What's News: Feb 20, 2016


Harbouring, hiring of illegals

The number of people arrested for providing lodging or work to immigration offenders rose by 59 per cent last year, based on new figures from the Immigration and Checkpoints Authority.

It attributed the rise to focused and coordinated enforcement efforts. Almost half of the harbourers arrested last year were Singaporeans.


China 'missiles' rile Vietnam

Vietnam yesterday protested to China over "serious infringements" of its sovereignty due to Beijing's apparent deployment of an advanced missile system on a disputed South China Sea island, while Australia and New Zealand also voiced alarm.

Newly arrived Bangladeshi workers at Kuala Lumpur International Airport. PHOTO: THE STAR/ASIA NEWS NETWORK


KL freeze on foreign labour

Confusion reigned yesterday over Malaysia's foreign labour policy, a day after an initial deal to bring in Bangladeshi workers was signed. After one minister said the workers would be brought in only if needed, the Deputy Prime Minister said Malaysia was suspending the intake of all foreign workers.


China eases PR criteria

More foreigners from "different industries" will now be eligible for permanent residency in China, its government has announced, as part of plans to ease the application process. Foreign investors will also find it easier to meet the requirements for a green card.


Singapore's idealism deficit

Professor Kishore Mahbubani met a young Dutchman in Davos who has made it his life's mission to rid the oceans of plastic. That encounter spurred Prof Mahbubani to reflect on a deficit of idealism among Singapore's youth, and ways to overcome it.


Mechanised parking woes

Those who use a new $10 million mechanised carpark in Changi Village are having to queue for more than half an hour to park or retrieve their vehicles at peak times. The HDB, which built it, said it could take up to six months to solve the teething problems.


Engineers laud sector rethink

Engineers have welcomed Prime Minister Lee Hsien Loong's call for a reappraisal of their industry. Many feel their jobs are limited to behind-the-scenes roles and their salaries do not match those of other professions. The Government plans to hire 1,000 engineers this year.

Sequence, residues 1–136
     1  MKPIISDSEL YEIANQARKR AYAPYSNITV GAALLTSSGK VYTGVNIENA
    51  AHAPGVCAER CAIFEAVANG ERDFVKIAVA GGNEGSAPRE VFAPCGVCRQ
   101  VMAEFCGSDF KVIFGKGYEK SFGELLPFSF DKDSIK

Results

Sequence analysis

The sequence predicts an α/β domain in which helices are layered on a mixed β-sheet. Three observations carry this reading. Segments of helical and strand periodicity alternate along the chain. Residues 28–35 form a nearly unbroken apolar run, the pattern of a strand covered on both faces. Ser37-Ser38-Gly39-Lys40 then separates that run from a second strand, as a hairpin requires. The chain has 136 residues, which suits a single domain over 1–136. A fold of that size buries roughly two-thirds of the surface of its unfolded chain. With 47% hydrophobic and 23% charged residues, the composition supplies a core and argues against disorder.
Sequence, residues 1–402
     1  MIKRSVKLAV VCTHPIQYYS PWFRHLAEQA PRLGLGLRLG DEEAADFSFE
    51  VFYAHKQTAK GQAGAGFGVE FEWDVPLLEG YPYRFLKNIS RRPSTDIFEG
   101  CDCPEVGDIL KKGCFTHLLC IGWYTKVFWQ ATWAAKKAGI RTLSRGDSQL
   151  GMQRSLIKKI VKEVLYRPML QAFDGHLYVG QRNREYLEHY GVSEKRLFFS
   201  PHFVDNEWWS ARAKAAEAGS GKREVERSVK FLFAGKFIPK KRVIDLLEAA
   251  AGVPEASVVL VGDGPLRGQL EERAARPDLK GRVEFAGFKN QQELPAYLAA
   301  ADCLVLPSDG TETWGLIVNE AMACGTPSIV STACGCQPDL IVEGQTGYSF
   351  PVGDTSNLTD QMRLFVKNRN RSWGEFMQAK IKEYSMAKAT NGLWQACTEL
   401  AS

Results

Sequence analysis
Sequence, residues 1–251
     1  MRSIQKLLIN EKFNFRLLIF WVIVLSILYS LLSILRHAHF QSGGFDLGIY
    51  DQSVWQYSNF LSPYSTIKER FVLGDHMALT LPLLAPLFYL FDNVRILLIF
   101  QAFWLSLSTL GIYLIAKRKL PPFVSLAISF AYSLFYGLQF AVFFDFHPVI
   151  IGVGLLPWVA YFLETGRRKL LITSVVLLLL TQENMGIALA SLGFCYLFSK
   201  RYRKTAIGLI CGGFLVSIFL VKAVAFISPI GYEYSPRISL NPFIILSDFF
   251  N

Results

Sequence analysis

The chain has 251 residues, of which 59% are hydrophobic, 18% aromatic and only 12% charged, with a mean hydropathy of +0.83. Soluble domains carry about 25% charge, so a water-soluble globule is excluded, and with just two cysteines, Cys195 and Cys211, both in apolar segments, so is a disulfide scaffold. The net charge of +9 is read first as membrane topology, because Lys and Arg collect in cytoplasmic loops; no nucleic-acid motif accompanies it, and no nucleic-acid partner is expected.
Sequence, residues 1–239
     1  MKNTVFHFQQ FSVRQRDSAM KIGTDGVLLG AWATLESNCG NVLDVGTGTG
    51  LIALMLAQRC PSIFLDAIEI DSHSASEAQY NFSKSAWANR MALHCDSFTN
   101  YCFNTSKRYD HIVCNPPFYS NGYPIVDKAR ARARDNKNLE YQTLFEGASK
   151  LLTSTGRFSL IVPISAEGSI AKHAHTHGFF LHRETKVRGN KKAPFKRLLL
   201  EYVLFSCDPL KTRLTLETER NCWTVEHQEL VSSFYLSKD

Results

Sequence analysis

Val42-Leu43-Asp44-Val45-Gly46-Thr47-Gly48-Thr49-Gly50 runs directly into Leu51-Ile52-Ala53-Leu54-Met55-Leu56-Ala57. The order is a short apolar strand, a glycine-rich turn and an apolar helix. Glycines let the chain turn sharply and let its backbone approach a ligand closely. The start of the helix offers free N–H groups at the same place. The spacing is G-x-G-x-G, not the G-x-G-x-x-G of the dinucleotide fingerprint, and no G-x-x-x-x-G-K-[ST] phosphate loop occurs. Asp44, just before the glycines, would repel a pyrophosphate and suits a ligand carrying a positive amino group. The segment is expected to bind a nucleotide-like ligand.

Headhunter sues Swiss bank

Swiss private bank BSI - the employer of private banker Yak Yew Chee, who is caught up in the money laundering probe over 1MDB - has been sued here over claims that it did not pay headhunting fees. Mancano and Associates filed a suit last August seeking $7.1 million in fees from BSI for helping it to recruit 23 employees in 2009.

Van Gaal (left) has cited Murphy's law - which states that anything that can go wrong, will go wrong - when blaming the 2-1 defeat on injuries.
Van Gaal (left) has cited Murphy's law - which states that anything that can go wrong, will go wrong - when blaming the 2-1 defeat on injuries. PHOTO: REUTERS


More woe for Man United manager

Fans and detractors are calling for Louis van Gaal's head again, after Manchester United's 2-1 humiliation in Denmark by minnows Midtjylland in the Europa League round-of-32 first leg.

The beleaguered Dutch manager agrees with the criticism but blames a shockingly long injury list, which had goalkeeper David de Gea added to it with a knee injury during Thursday night's warm-up.


Adele in tears after fiasco


British singer Adele said she cried all day after what was supposed to be a triumphant return to the Grammys stage on Feb 15 turned into a shaky performance in which she sang off-key. Her performance of her new single All I Ask was marred by technical issues and she hit sharp and flat notes.

A version of this article appeared in the print edition of The Straits Times on February 20, 2016, with the headline 'What's News: February 20, 2016'. Print Edition | Subscribe